An international duo forms a unique System Dynamics collaboration for their work on issues with North Dakota’s oil and gas producing region.
A “dynamic” exchange By David Dodds Eduard Romanenko is on his second academic journey into the heart of the United States. The first time around, the native of Vladivostok, Russia, was on an exchange opportunity to Lawrence University in Appleton, Wis. He did, however, have a couple of pals who ventured farther west to schools in North Dakota. “I heard different stories from them about the temperature extremes, and back then, I thought I would never come to a place like that,” said Romanenko, who received his bachelor’s degree in international economics from Far Eastern Federal University in Vladivostok, a city on Russia’s Pacific coast near China, Japan and South Korea. A lot has changed since then.
Romanenko is one of two students from the University of Bergen (UiB) in Norway who are currently working on their master’s degrees at the University of North Dakota. Romanenko and Andres Julian Gil Garcia, a native of Manizales, Colombia, are pursuing European Master’s Degrees in System Dynamics, through UiB and a consortium of allied institutions in Europe and at the UND College of Engineering & Mines (CEM), which is an associate member of the group. System Dynamics is an interdisciplinary response to dynamically complex problems around the world, using high-tech computer modeling to simulate scenarios and project outcomes, relying heavily on stakeholder input to come up with solutions. Romanenko and Garcia are working on independent theses, but the nature of their PHOTO BY JACKIE LORENTZ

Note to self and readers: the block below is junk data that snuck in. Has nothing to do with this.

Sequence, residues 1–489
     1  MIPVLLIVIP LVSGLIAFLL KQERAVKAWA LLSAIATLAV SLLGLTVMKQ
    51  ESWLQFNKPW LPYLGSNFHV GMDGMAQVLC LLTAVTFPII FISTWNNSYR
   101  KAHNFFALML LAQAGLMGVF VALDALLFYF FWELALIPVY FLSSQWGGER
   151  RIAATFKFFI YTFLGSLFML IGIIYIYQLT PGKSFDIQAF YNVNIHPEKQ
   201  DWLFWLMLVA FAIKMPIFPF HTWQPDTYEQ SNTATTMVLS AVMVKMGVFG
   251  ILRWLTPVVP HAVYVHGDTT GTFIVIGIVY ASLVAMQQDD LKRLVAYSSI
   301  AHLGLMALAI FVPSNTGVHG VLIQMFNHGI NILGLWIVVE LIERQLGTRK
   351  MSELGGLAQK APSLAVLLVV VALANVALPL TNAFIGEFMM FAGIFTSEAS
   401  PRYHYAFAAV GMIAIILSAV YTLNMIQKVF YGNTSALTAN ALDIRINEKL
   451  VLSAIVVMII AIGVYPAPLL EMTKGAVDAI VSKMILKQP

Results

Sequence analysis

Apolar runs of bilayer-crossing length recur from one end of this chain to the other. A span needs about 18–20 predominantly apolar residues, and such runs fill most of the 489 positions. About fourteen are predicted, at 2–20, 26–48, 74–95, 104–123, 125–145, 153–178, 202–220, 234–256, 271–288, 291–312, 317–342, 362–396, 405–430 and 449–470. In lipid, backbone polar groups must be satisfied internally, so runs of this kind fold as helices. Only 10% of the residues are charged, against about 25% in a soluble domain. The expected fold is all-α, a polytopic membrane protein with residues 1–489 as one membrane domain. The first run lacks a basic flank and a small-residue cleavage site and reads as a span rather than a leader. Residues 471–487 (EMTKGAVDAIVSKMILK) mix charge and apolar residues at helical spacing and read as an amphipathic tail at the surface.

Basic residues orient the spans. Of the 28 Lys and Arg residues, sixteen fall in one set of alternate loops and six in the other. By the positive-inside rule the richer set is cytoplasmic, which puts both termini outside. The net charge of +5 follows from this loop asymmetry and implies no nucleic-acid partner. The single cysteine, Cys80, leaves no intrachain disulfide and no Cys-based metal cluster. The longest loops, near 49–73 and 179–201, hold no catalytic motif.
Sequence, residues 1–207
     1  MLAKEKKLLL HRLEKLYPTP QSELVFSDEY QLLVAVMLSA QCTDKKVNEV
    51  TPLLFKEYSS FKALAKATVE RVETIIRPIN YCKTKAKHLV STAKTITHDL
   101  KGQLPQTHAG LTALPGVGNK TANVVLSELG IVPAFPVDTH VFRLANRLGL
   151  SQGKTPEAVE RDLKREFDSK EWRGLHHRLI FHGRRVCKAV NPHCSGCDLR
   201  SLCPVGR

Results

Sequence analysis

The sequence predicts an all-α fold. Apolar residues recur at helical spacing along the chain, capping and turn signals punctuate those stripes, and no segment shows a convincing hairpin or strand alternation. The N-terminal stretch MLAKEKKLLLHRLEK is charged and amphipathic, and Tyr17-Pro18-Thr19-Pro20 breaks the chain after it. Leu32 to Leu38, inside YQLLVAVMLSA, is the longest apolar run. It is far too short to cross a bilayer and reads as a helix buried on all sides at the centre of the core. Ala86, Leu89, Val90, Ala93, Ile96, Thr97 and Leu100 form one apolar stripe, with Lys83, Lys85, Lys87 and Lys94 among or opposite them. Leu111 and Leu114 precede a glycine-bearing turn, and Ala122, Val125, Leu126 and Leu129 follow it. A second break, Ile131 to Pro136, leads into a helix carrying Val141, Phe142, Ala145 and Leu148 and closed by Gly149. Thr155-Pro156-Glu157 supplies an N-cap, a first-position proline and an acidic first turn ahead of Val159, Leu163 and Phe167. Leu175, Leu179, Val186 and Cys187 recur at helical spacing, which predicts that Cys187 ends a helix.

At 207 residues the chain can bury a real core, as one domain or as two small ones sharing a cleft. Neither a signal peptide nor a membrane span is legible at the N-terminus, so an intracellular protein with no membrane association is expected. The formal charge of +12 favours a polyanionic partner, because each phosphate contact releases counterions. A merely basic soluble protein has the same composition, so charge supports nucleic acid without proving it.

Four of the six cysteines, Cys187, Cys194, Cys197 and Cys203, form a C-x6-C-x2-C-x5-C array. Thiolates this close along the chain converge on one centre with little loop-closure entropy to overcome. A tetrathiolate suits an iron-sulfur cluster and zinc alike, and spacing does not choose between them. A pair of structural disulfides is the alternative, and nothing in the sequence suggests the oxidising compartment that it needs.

The interdisciplinary approach of System Dynamics is combined with an international dimension as Andres Julian Gil Garcia (left) and Eduard Romanenko, natives of Colombia and Russia, respectively, work together at UND to explore the market factors and social issues associated with carbon-capture technologies and the use of carbon dioxide for enhanced oil recovery. 10 n UND Discovery n University of North Dakota
work and the idea behind System Dynamics necessitates the two collaborate on parts of their projects. The focus of their theses is the market dynamics associated with the commercialization of carbon-capture technologies and the use of carbon dioxide (CO2) for enhanced oil recovery, something of great concern to the people of the Bakken oil-producing region and Williston Basin of western North Dakota. Romanenko, who, in addition to his economics bachelor’s degree, holds a master’s in economic policy and global markets from Central European University in Hungary, clearly brings a strong background in economic theory and financial markets. Garcia, who got his bachelor’s degree in petroleum engineering from National University in Medellin, Colombia, possesses the technical engineering experience needed for the collaboration. “What makes System Dynamics special is the holistic, rather than fragmented, view of a problem, and we would love to maintain this approach throughout our project work,” Romanenko said. “In practice, this means that we might work on distinct pieces separately from time to time, but the important chunks of work will be happening in direct cooperation.” Last year, UND and its CEM signed a series of agreements with UiB and its Faculty (School) of Social Sciences and with the Petroleum Research School of Norway. These paved the way for faculty and student exchanges between UND and the Norwegian entities. The memoranda of understanding (MOUs) are a big reason why Romanenko and Garcia ended up at UND. Romanenko says he’s glad to be here, despite his preconceived notions of North Dakota. “The quality of the program was so good that I never hesitated to say yes,” he said. “It’s a perfect blend of economics and System Dynamics. System Dynamics supports social science research and I am a social scientist, but I also need technical experience, too.” That’s where his partnership with Garcia comes in. Garcia says it’s exciting for him to study System Dynamics in North Dakota, where so much is taking place in his field of expertise out in the state’s Bakken shale formation. “For me, this is amazing to have the opportunity to come here and work on my thesis at a time and place where this is such a hot topic,” he said. David Wheat, associate professor of System Dynamics at UiB’s Faculty of Social (System Dynamics, continued on Page 18)
Published on May 1, 2014
In this issue of UND Discovery, we’re focused on all things value added. In other words, we’re highlighting ways UND’s researchers and other...